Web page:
Watchdog Blog

Barry Sussman: A Boy, 5, Shoots His Friend, 4. Ho-hum

Posted at 3:25 pm, July 3rd, 2011
Barry Sussman Mug

Last fall and winter the Washington Post ran as good an assortment of articles on guns, gun control, assault weapons, the NRA, gun shops, tracing guns, guns on the Mexican border, police-killer guns – you name it – as I have ever seen. In addition to strong reporting by distinguished reporters, it had videos, documents, telling graphics. It started months before the shooting of Rep. Gabrielle Giffords in Tucson and continued afterward.

The series, called “The Hidden Life of Guns,” was the result of a year-long effort. It was imaginative and thorough.

That was then.

On Thursday, June 30th, there was a horrific shooting in Hillcrest Heights, MD, just outside Washington. A 5-year-old shot a 4-year-old in the back. The Post’s story on Friday said the 4-year-old “is expected to survive.”

The children were said to play together frequently in the playground where the shooting occurred. Some details are murky. It’s not clear where the little boy got the gun.

Afterward, the 5-year-old, scared, ran to his family’s apartment and hid the gun, the Post’s story said. An uncle said no guns were kept in the apartment and that people “at the scene told him that his nephew found the gun outside.”

The story ran 374 words. It appeared in the Metro section on Page B6. That’s what you call not very much play at all. Not front page, not even Metro front page (where there was only one news story that day, along with a big feature story about a street corner that has seen its share of murders over the years, and three other items). Even so, the shooting of one tike by another drew 128 reader comments by Saturday morning.

I looked at the Saturday and Sunday Post for a follow-up. Did the 4-year-old survive? If yes, how was he doing? What about the other little boy, and what after all was the story behind the gun? Any adult charged in this incident? I didn’t see any story in the paper, and nothing online, either.

In January after Giffords and 18 others were shot, six of them fatally, a Post columnist wrote that the tragedy was unlikely to result in stronger gun controls because the force of public opinion wasn’t strong enough. By running stories like the shooting of a 4-year-old by a 5-year-old on Page B6 – and not following up on it – the Post is doing its part to ensure that prediction.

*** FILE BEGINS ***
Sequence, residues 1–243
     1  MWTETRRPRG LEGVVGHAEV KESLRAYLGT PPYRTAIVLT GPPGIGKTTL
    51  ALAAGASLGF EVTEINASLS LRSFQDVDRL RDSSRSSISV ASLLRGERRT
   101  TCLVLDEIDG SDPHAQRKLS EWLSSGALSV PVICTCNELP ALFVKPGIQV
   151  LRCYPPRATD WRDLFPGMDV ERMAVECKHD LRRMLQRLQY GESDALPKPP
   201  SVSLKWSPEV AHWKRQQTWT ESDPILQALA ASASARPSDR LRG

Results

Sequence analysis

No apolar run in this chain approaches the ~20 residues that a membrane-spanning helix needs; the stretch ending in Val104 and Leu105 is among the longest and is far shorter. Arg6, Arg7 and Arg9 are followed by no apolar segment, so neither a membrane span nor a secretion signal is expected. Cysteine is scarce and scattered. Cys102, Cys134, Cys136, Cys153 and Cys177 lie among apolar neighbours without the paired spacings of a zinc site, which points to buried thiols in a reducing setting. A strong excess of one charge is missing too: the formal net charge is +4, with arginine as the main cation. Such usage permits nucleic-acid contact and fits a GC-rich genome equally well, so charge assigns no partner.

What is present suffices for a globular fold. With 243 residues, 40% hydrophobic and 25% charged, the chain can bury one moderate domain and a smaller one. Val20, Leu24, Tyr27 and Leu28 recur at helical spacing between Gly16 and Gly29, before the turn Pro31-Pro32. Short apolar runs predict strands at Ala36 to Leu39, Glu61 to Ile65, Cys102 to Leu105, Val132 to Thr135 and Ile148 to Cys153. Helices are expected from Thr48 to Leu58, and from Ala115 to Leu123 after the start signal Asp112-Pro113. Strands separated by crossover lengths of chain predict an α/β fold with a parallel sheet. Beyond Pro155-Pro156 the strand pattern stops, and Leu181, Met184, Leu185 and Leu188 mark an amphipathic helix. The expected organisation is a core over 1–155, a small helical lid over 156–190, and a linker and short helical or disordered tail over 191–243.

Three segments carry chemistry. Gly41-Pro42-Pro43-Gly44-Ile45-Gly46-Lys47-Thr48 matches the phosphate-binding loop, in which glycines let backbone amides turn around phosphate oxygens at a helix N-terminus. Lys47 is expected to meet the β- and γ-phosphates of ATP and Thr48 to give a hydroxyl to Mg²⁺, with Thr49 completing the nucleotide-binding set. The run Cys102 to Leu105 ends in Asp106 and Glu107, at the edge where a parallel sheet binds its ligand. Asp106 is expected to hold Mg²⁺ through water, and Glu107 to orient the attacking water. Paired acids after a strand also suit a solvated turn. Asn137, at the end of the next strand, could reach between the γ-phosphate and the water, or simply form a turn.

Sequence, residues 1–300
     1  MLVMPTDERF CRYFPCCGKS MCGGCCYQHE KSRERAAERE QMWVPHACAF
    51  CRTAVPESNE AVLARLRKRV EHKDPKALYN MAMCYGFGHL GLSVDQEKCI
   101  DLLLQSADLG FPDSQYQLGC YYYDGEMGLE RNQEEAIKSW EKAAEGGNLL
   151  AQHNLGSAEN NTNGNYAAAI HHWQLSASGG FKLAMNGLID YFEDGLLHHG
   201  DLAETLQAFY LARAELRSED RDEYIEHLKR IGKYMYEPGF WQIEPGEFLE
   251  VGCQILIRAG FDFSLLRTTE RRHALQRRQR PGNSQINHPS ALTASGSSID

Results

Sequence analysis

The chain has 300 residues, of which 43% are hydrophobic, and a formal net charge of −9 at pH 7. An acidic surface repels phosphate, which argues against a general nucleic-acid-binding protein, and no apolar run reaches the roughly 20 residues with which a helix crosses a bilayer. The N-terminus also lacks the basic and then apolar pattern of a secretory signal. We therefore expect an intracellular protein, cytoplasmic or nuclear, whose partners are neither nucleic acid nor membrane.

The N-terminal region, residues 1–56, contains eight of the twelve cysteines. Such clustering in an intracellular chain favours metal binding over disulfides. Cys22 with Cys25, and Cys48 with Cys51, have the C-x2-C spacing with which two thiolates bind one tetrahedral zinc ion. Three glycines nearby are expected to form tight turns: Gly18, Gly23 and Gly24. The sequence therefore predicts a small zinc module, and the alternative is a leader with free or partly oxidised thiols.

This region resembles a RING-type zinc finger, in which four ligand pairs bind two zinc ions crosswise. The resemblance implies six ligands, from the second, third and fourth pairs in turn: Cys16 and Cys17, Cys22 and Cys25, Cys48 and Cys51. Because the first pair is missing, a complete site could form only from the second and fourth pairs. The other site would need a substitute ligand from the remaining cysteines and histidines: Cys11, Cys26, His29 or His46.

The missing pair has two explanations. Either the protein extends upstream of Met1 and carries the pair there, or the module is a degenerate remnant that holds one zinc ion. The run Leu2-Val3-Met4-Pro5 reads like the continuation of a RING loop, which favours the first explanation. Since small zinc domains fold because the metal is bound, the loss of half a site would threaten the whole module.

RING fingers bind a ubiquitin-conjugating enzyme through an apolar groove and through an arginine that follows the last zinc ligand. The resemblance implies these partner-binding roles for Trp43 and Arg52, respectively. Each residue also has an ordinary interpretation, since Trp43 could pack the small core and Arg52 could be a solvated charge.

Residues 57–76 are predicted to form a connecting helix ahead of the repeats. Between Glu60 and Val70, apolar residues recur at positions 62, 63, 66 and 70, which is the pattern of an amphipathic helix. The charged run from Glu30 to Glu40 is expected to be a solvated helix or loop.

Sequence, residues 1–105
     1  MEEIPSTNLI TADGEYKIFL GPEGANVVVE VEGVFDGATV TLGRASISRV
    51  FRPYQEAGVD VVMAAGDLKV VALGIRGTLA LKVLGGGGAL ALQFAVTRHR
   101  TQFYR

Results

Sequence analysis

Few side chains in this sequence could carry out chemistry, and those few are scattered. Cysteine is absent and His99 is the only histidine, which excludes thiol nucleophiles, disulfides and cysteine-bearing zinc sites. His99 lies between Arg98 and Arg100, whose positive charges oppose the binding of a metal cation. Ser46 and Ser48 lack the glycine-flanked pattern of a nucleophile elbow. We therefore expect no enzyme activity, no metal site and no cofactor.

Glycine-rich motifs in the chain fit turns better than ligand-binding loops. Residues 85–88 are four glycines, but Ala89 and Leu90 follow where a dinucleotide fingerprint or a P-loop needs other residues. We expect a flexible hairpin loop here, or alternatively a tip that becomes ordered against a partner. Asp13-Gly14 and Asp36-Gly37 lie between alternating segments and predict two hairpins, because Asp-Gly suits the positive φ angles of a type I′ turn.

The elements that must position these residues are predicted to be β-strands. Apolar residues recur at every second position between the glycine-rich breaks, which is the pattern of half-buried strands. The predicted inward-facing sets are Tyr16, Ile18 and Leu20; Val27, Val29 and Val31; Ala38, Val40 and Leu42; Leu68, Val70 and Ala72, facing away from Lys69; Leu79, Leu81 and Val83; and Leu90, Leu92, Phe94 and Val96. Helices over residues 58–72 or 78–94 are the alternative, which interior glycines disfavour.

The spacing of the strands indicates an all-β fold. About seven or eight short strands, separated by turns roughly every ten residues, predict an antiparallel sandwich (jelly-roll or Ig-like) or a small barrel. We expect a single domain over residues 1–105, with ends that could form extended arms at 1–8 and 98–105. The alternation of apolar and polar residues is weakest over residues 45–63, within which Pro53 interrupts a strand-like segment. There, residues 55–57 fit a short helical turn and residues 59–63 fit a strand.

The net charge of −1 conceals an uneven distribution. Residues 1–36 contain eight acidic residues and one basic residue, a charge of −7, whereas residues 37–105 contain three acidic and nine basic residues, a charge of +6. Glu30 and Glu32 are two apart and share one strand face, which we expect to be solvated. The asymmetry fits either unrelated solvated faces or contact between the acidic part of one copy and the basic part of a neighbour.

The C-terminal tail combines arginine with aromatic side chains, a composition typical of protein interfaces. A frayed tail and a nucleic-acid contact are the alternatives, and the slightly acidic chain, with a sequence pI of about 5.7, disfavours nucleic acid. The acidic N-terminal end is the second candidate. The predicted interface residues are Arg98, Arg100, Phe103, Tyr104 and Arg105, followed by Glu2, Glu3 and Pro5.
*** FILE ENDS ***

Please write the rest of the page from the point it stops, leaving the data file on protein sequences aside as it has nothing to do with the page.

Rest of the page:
The Post’s gun series was masterful. But what’s that got to do with covering the news?

15 Responses to “A Boy, 5, Shoots His Friend, 4. Ho-hum”

  1. Darlene says:

    I live in Tucson, Arizona. I am appalled at how quickly the horrors of gun proliferation was forgotten after the shooting here. Our idiots in our legislature even spent weeks on deciding what our state gun would be. I found it shocking and depressing that they did so after the tragedy in my home town.

    The powerful NRA must be stopped and meaningful gun legislation must be enacted. We are a violent country. That is a sad commentary to make on our patriotic holiday. Our country started with a war and we just can’t seem to stop; one war after another and one shooting after another. Sad.

  2. Mike H says:

    Hey Mr Sussman: FROM MY COLD DEAD HANDS!

  3. Myra MacPherson says:

    Very good and sad piece. Did the Post ever answer your questions? The strangle hold the NRA and other pro gun efforts have made it impossible to get good legislation from politicians who check their spines in the congressuonal cloak room.

  4. Mike H says:

    Hey Myra, it has nothing to do with spineless politicians who wont pass “good legislation” .. its called the Second Amendment to the US Constitution, or maybe you missed McDonald v Chicago.

    Now go back to writing hagiographies of your favorite Soviet spy IF Stone.

  5. ellen sweets says:

    the fact that mike h can characterize izzy stone as a soviet spy says all that needs to be said about the declining level of civil discourse in this country, the sad level of intelligent debate among some gun lovers, and people who only see trees, not forests.

  6. Mike H says:

    @ ellen sweets … tis not I that characterizes Stone as a spy, its his former taskmasters in Moscow who are doing that. Guys in the know like Alexander Vassiliev are the ones who make the charges.

  7. Myra says:

    Hey Mike–you are very warped in your knowledge.. I have dissected all that and answered it numerous times. But you are clearly not interested in learning anything.

  8. Mike H says:

    Myra, regurgitating old talking points doesn’t get around the fact that Stone’s work for the KGB has been documented by academics and historians and recently verified by former KGB officials. You are entitled to your opinions, but not your own facts. Now go have some pancakes.

  9. Don Greenwood says:

    While the story of the five year old getting hold of a firearm and accidentally shooting another child is tragic, such cases are relatively rare – there is no epidemic of this type of tragedy. However, it would have been appropriate for the Post to provide follow up.

    Approximately 650 cases of accidental deaths due to firearms occur annually in the US. There are about 30,000 deaths each year involving guns; over half are due to suicide, about 40% are the result of homicides.

    District of Columbia v Heller struck down the DC restrictions on firearms. However, since DC is under Federal jurisdiction, it took McDonald v Chicago to establish that states and local municipalities are subject to the Second Amendment with regard to laws restricting gun ownership. However, the Supreme Court did not abolish all restrictions.